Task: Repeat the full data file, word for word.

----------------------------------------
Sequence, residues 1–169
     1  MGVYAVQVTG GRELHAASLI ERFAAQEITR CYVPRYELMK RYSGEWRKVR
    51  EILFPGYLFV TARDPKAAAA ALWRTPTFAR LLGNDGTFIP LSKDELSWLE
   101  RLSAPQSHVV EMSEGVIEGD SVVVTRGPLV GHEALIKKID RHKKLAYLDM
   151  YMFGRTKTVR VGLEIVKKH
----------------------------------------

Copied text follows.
Sequence, residues 1–169
     1  MGVYAVQVTG GRELHAASLI ERFAAQEITR CYVPRYELMK RYSGEWRKVR
    51  EILFPGYLFV TARDPKAAAA ALWRTPTFAR LLGNDGTFIP LSKDELSWLE
   101  RLSAPQSHVV EMSEGVIEGD SVVVTRGPLV GHEALIKKID RHKKLAYLDM
   151  YMFGRTKTVR VGLEIVKKH